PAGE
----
An integrated evaluation of strategies for enhancing productivity and profitability of resource-constrained smallholder farms in Zimbabwe
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Zingore, S.; González-Estrada, E.; Delve, R.J.; Herrero, M.; Dimes, J.P.; Giller, K.E. 2009. An integrated evaluation of strategies for enhancing productivity and profitability of resource-constrained smallholder farms in Zimbabwe. Agricultural Systems. 101(1-2): 57-68.
Permanent link to cite or share this item: https://hdl.handle.net/10568/54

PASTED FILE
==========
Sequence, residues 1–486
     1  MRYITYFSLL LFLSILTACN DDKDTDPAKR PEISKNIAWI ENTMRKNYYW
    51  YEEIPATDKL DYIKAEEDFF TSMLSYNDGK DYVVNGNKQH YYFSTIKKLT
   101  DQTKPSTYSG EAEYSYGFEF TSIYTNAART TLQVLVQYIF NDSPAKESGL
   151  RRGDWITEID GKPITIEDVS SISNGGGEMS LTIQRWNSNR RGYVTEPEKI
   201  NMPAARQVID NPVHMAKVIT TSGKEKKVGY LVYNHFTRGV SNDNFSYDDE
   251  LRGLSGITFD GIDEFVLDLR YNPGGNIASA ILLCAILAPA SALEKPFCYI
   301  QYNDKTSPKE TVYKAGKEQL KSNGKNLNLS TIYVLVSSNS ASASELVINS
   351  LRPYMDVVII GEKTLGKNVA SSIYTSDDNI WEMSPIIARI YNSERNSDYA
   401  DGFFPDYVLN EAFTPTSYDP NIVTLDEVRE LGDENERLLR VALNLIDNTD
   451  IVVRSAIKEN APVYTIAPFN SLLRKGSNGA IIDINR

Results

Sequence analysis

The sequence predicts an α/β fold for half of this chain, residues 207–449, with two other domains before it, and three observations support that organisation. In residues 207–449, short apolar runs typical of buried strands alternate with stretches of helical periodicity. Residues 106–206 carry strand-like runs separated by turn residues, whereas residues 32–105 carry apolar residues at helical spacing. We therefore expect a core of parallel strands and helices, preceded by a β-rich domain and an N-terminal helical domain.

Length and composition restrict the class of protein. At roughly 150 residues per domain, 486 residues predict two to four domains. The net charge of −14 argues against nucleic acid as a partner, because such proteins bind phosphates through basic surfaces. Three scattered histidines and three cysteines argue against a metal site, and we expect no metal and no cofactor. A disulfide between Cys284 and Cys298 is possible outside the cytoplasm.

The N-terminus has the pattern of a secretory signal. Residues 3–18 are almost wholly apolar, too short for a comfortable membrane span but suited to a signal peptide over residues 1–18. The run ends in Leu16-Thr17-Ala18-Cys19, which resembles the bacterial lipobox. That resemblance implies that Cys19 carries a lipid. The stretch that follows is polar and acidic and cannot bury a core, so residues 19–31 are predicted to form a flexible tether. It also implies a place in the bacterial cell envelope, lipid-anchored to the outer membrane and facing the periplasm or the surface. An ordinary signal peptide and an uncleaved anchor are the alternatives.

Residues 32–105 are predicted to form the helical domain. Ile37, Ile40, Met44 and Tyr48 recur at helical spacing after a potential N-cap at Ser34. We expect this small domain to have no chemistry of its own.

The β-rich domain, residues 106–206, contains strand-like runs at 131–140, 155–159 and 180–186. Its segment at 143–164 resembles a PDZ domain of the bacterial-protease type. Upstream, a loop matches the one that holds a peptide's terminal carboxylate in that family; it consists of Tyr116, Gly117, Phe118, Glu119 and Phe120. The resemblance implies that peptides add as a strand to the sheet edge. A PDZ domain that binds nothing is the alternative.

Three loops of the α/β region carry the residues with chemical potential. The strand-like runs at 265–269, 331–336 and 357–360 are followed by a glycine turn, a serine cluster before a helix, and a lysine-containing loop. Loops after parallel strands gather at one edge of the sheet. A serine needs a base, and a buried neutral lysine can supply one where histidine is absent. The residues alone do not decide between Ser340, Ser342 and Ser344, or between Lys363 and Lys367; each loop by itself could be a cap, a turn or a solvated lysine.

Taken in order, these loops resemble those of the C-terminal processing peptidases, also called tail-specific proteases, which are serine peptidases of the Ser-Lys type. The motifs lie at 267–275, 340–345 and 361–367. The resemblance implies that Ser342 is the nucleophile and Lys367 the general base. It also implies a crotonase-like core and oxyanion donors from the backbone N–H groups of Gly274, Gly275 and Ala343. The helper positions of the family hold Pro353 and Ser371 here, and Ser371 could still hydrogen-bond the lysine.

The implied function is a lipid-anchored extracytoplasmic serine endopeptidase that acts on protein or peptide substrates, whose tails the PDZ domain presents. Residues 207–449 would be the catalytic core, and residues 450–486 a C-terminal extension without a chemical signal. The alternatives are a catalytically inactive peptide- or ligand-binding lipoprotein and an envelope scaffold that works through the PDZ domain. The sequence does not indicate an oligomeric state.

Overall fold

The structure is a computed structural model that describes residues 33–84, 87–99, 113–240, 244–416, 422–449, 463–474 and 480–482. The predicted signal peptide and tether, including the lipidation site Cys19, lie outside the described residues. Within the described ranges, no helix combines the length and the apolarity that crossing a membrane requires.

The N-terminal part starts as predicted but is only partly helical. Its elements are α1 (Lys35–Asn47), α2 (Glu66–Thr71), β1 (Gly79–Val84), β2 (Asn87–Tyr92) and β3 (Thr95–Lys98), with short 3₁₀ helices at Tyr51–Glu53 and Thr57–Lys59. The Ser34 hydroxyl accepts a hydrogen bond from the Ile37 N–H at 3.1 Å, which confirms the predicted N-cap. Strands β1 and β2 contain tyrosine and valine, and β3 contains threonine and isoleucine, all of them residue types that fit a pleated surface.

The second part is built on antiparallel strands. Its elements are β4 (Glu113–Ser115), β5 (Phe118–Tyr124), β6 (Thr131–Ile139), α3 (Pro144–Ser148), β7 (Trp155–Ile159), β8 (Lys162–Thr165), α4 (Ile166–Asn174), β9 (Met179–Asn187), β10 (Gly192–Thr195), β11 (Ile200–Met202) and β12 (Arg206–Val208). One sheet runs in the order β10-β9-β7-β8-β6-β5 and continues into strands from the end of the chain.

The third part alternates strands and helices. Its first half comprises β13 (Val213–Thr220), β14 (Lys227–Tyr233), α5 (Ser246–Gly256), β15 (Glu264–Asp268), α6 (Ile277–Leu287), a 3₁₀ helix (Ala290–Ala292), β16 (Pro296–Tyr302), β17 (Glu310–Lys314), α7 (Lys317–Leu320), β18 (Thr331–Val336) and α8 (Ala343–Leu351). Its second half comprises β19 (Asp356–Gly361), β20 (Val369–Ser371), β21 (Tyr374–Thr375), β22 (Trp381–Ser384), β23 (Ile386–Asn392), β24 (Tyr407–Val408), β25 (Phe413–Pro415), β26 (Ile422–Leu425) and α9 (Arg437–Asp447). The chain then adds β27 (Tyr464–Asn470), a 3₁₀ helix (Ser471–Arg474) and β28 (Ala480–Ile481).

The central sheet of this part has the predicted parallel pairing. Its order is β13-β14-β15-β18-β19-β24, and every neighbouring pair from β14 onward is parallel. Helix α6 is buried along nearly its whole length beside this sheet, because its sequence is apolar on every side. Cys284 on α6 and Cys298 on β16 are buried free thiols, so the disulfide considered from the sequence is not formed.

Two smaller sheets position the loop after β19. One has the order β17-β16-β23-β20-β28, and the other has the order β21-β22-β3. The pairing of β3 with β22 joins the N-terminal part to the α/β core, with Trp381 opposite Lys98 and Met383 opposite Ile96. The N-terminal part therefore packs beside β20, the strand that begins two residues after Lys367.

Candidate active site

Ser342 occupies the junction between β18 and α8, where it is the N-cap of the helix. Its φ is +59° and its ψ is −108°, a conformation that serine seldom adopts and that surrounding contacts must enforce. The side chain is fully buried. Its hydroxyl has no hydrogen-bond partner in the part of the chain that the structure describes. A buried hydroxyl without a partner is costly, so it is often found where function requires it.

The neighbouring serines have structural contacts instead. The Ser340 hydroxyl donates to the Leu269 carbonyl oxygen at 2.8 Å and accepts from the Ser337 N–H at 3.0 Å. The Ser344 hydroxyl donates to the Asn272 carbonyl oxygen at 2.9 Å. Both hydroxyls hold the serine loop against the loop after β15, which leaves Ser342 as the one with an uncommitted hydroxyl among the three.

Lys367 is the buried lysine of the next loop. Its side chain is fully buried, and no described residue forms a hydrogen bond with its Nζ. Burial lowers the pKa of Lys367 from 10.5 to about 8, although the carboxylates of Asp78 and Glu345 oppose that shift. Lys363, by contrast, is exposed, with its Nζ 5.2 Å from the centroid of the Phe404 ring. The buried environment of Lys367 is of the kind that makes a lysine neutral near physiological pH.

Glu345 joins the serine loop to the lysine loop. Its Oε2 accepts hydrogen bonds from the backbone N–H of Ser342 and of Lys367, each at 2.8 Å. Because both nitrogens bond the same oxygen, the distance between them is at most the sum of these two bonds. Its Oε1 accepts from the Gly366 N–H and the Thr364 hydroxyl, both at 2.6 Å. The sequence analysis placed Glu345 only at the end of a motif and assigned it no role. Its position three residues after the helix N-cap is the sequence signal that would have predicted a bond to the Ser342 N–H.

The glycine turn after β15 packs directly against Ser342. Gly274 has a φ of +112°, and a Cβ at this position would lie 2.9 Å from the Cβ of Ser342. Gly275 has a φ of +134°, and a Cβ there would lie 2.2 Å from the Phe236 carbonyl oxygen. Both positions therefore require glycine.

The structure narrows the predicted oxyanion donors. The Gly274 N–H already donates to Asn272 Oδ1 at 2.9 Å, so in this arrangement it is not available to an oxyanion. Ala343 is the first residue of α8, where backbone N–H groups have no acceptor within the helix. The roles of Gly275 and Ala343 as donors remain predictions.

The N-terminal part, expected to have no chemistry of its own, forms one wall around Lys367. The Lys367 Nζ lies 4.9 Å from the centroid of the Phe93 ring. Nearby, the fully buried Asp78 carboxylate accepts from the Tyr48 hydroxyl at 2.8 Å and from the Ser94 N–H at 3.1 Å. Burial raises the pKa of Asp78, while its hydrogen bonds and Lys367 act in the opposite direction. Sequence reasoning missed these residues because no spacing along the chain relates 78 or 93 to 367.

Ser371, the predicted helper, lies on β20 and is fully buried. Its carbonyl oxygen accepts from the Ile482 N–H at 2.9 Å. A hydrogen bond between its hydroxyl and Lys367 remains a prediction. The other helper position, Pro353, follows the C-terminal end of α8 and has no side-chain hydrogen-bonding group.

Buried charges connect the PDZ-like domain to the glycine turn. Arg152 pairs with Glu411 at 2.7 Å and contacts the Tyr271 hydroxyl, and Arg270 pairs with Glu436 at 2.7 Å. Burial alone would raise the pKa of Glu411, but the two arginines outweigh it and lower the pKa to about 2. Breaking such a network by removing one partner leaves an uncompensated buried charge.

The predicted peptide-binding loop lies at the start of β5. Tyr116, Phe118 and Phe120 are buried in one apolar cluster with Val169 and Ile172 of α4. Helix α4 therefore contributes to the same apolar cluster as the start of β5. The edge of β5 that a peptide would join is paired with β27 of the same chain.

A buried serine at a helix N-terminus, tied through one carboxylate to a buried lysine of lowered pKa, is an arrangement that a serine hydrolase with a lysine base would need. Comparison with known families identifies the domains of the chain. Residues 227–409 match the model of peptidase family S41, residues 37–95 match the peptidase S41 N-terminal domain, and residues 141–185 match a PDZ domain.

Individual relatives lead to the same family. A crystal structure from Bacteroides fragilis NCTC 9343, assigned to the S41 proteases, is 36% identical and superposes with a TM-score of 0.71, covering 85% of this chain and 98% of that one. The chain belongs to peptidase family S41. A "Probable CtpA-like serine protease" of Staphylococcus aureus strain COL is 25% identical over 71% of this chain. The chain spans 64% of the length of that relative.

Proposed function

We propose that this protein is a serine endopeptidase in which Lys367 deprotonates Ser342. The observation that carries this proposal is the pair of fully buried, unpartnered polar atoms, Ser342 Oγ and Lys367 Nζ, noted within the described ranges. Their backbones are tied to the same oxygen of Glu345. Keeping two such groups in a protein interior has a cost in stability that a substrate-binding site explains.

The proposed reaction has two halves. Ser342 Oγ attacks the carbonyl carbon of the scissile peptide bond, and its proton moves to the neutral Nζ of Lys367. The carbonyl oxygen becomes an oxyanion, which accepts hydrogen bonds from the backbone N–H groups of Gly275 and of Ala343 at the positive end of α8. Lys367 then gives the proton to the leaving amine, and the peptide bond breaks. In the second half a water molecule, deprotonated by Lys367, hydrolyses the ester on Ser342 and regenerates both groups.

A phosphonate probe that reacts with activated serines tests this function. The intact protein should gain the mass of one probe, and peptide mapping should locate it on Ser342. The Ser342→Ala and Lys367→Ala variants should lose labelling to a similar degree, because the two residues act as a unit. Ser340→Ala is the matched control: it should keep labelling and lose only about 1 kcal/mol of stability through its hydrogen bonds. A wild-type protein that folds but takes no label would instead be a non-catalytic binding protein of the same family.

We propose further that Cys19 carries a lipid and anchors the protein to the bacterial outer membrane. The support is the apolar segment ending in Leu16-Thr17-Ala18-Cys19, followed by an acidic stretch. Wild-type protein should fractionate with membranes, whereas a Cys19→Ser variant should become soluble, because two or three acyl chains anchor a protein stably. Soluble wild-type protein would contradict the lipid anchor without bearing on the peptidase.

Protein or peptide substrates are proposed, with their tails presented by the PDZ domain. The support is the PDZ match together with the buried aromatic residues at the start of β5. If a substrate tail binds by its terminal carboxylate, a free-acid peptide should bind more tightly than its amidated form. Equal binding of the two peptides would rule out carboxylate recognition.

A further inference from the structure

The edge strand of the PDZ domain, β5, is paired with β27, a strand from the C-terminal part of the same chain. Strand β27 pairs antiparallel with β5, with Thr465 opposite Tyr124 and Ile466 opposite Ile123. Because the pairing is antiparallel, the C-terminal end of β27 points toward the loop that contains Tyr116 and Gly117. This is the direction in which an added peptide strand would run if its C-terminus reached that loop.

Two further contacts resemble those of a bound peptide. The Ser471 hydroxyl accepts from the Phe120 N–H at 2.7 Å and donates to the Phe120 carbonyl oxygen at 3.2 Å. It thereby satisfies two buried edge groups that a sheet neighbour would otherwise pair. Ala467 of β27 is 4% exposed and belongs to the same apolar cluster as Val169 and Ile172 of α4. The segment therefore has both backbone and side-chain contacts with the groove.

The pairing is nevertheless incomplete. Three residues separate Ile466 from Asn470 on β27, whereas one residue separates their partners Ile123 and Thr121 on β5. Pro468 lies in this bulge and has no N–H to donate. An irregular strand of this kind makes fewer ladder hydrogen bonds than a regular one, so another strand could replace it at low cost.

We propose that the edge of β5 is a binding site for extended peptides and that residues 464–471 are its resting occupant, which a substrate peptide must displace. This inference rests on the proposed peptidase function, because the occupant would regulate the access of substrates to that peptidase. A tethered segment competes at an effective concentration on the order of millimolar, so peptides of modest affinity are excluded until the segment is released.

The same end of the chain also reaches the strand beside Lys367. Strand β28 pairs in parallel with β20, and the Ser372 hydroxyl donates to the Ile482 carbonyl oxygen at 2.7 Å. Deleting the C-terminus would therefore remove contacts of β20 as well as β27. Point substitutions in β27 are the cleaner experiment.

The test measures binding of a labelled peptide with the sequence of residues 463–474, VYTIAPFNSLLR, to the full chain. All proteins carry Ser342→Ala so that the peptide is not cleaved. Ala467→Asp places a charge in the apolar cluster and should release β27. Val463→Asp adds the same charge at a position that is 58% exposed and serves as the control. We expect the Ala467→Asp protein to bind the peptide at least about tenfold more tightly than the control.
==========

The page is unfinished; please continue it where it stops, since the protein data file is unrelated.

In African smallholder agriculture, improved farm-scale understanding of the interaction between the household, crops, soils and livestock is required to develop appropriate strategies for improving productivity. A combination of models was used to analyse land use and labour allocation strategies for optimizing income for wealthy (2.5 ha with eight cattle) and poor (0.9 ha without cattle) farms in Murewa, Zimbabwe. Trade-offs between profitability, labour use and partial nutrient balances were also evaluated for alternative resource management strategies. Farm data were captured using the Integrated Modelling Platform for Mixed Animal-Crop Systems (IMPACT), which was directly linked to the Household Resource use Optimization Model (HROM). HROM was applied to optimize net cash income within the constraints specific to the households. Effects of alternative nutrient resource management strategies in crop and milk production were simulated using the Agricultural Production Systems Simulator (APSIM) and RUMINANT models, respectively, and the output evaluated using HROM. The poor farm had a net income of US$ 1 yr−1 and the farmer relied on selling unskilled labour to supplement her income. The poor farm’s income was marginally increased by US$18 yr−1 and the soil nitrogen (N) balance was increased from 6 to 9 kg ha−1 yr−1 by expanding groundnut production from the previous 5–25% of the land area. Further increases in area allocated to groundnut production were constrained by lack of labour. On the poor farm, maize production was most profitable when cultivated on a reduced land area with optimal weeding. The wealthy farm had a maize-dominated cropping system that yielded a net cash balance of US$290 yr−1, mainly from the sale of crop produce. Net income could be increased to US$1175 yr−1, by re-allocating the 240 hired labour-days more efficiently, although this reallocation substantially reduced partial soil N and phosphorus (P) balances by 74 kg N ha−1 and 11 kg P ha−1, respectively, resulting in negative nutrient balances. Few opportunities existed to increase productivity and income of the smallholder farms without inducing negative nutrient balances. On the wealthy farm, groundnut was the least profitable crop; shifting its production to the most fertile field did not improve income unless the groundnut residues were fed to lactating cows. The analysis carried out in this paper highlights the need to develop practical technological recommendations and development interventions that consider farm resource endowment (land, fertilizers, manure and labour), variability in soil fertility within farms and competing resource use options.